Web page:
What Is the 6-Week Postpartum Checkup?

Medically Reviewed by Dan Brennan, MD on July 19, 2022
5 min read

What is a postpartum appointment? 

You may expect that your prenatal visits are over by now, but you’ve got one last pregnancy-related appointment to attend: the 6-week postpartum checkup. This appointment gives your doctor or nurse-midwife a chance to check on your body’s healing progress — and it gives you the opportunity to ask important questions related to your postpartum physical and mental health.

Many women mistakenly assume that this appointment is just a formality, and they end up not getting the postpartum care they need. Learn why this checkup matters and understand how to prepare yourself for it.

After completing nine months of pregnancy and the recommended prenatal care appointments, blood tests, and ultrasounds along the way, you’re probably wondering why you need yet another doctor’s visit. However, even though you’ve already given birth, your body is still adjusting to the state of not being pregnant. 

If you're wondering "can I skip my 6-week postpartum appointment," you're not alone, but there are many good reasons to attend this visit. There are several hormonal changes, as well as physical, mental, and emotional ones, that your body will go through during this time. In fact, the three months after you give birth are often referred to as the "fourth trimester" because they're so intensely linked with the pregnancy you’ve just completed. 

At this appointment, your body has healed enough that your doctor can perform a pelvic exam, discuss future family planning or birth control options with you, and ask about your mental and emotional health.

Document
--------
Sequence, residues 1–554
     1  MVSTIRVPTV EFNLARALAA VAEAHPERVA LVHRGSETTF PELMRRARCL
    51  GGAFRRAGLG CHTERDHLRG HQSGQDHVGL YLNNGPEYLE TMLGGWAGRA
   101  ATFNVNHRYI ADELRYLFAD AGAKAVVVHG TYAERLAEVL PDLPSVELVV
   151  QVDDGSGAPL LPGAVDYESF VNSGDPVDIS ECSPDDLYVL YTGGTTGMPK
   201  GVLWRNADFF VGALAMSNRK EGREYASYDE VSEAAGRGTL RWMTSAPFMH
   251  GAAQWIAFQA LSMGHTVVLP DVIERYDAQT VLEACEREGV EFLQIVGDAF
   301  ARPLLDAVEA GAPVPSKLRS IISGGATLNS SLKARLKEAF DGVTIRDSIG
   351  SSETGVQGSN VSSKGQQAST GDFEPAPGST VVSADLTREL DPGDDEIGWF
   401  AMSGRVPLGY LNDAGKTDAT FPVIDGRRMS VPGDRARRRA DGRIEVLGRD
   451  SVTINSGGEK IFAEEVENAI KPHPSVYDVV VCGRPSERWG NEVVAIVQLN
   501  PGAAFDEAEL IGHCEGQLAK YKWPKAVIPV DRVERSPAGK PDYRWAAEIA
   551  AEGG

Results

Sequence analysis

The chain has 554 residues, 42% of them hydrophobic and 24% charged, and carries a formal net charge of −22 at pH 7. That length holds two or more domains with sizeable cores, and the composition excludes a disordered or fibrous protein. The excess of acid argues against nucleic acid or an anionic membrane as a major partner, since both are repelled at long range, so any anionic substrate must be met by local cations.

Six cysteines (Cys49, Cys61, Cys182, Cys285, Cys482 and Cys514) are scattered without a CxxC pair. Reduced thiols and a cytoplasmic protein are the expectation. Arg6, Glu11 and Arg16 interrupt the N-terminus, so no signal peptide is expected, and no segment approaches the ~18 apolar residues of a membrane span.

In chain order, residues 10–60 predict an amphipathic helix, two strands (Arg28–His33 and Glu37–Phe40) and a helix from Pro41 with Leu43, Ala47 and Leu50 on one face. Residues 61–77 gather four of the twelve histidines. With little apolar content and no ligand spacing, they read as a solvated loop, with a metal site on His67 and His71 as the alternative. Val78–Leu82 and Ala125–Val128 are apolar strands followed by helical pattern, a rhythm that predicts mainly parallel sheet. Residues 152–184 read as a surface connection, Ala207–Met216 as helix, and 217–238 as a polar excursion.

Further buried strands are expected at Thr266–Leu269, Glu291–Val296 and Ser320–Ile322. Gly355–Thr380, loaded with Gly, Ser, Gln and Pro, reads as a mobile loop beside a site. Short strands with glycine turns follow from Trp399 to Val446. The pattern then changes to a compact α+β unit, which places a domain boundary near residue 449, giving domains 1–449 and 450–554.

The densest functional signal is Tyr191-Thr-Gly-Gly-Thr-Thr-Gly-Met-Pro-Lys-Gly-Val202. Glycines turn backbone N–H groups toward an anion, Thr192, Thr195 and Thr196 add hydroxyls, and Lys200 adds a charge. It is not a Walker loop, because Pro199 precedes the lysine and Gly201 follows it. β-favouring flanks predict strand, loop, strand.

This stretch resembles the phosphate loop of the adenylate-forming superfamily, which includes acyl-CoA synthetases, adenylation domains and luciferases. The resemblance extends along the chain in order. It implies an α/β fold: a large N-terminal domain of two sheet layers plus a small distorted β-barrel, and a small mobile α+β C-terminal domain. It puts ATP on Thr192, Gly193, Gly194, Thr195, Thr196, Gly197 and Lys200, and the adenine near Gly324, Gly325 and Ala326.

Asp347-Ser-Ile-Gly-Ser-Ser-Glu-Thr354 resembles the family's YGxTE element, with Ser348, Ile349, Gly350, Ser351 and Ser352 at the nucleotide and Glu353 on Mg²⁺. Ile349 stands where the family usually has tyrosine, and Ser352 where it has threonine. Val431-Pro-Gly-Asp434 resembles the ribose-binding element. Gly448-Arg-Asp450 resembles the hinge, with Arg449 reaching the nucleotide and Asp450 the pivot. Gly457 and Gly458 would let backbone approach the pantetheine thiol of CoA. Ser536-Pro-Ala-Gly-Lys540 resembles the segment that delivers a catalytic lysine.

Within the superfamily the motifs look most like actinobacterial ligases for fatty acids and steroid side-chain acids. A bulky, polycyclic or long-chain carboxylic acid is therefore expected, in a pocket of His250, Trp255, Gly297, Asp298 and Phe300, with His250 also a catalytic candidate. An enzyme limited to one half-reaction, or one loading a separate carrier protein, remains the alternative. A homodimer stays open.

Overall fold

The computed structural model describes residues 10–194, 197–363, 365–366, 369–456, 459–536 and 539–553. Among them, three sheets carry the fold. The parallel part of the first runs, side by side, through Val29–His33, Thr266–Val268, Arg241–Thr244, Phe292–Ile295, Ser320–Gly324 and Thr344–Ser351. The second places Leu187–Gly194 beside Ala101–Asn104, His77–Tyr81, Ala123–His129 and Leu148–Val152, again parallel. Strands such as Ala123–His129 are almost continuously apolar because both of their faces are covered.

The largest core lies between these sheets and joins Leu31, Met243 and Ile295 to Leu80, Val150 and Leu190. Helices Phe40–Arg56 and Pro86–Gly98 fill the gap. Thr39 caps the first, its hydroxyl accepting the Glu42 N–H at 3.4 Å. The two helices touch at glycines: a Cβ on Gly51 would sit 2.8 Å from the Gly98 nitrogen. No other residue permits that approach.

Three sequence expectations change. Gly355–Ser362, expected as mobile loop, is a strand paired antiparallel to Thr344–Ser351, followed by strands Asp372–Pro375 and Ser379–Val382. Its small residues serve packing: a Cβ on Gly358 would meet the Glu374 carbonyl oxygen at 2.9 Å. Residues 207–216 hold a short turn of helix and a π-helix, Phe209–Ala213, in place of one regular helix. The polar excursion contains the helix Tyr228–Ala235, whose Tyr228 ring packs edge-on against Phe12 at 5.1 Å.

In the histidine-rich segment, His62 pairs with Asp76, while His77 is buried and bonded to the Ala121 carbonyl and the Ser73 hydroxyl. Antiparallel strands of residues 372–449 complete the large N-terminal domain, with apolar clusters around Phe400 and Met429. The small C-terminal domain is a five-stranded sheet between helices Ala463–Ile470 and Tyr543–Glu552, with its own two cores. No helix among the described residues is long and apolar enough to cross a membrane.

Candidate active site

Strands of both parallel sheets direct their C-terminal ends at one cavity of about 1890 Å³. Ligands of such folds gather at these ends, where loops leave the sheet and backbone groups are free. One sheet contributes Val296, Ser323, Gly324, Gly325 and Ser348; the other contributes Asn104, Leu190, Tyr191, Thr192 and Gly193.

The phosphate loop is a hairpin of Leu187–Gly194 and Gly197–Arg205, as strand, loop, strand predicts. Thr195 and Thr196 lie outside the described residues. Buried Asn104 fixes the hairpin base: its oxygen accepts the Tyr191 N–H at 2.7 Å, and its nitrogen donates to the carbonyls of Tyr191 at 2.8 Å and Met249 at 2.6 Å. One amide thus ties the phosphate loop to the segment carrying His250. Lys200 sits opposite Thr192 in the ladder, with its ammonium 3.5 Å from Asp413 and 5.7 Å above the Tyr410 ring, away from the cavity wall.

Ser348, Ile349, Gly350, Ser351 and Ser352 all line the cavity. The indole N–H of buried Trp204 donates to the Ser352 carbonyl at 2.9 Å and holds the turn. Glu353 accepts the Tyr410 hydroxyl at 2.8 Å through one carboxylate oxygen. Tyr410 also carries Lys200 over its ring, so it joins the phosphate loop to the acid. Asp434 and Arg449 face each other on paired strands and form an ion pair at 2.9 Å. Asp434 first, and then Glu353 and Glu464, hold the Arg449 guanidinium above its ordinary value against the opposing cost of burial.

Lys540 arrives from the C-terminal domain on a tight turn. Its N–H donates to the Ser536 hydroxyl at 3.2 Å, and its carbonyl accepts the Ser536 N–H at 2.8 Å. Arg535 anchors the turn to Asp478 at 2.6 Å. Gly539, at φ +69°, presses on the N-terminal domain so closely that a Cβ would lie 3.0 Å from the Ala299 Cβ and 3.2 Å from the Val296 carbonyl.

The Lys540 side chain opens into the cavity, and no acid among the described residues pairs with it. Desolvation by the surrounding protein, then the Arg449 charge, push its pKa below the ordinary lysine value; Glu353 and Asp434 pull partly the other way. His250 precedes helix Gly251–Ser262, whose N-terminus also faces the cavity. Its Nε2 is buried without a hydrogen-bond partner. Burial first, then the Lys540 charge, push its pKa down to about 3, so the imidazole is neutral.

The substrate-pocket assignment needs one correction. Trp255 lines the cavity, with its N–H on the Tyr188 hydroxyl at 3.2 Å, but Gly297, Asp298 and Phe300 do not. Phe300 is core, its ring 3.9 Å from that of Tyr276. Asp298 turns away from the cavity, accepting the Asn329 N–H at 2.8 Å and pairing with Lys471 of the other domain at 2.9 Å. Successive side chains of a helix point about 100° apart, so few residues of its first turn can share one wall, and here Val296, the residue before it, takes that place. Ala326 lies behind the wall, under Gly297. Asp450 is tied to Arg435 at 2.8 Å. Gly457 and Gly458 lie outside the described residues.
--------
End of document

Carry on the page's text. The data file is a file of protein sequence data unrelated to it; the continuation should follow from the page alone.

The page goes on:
What to expect at the postpartum checkup is similar for most healthy women. Ideally, your doctor will check in with you physically, mentally, and emotionally. While certain issues like mild sleep deprivation, aches and pains, and having the "baby blues" are normal, some postpartum issues are a cause for concern. 

At this point, you might be experiencing some or all of the following issues. Your doctor will probably ask you about these topics at your 6-week postpartum appointment:

  • Your mood: Experiencing the baby blues, or a period in which you have mood swings and don’t quite feel like yourself, is normal. Feeling depressed, anxious, or worrying about your newborn to the point of obsession is not.
  • Your sleep: Having difficulty sleeping because you know your baby is going to wake up crying in two hours is normal. Developing insomnia, where you can’t fall or stay asleep even if you’re exhausted, is not.
  • Your vaginal discharge: Bleeding and cramping for the first few days after giving birth is normal, while extreme pain and heavy bleeding beyond 10 days is not. You’re just bleeding out any tissue that your uterus no longer needs to grow a baby, and you’re cramping because you’re experiencing “afterpains”, which are contractions that help your uterus shrink back to normal.

Breastfeeding. Breastfeeding is good for you and your baby — but the act itself isn’t always challenge-free. For some people, breastfeeding can be very difficult.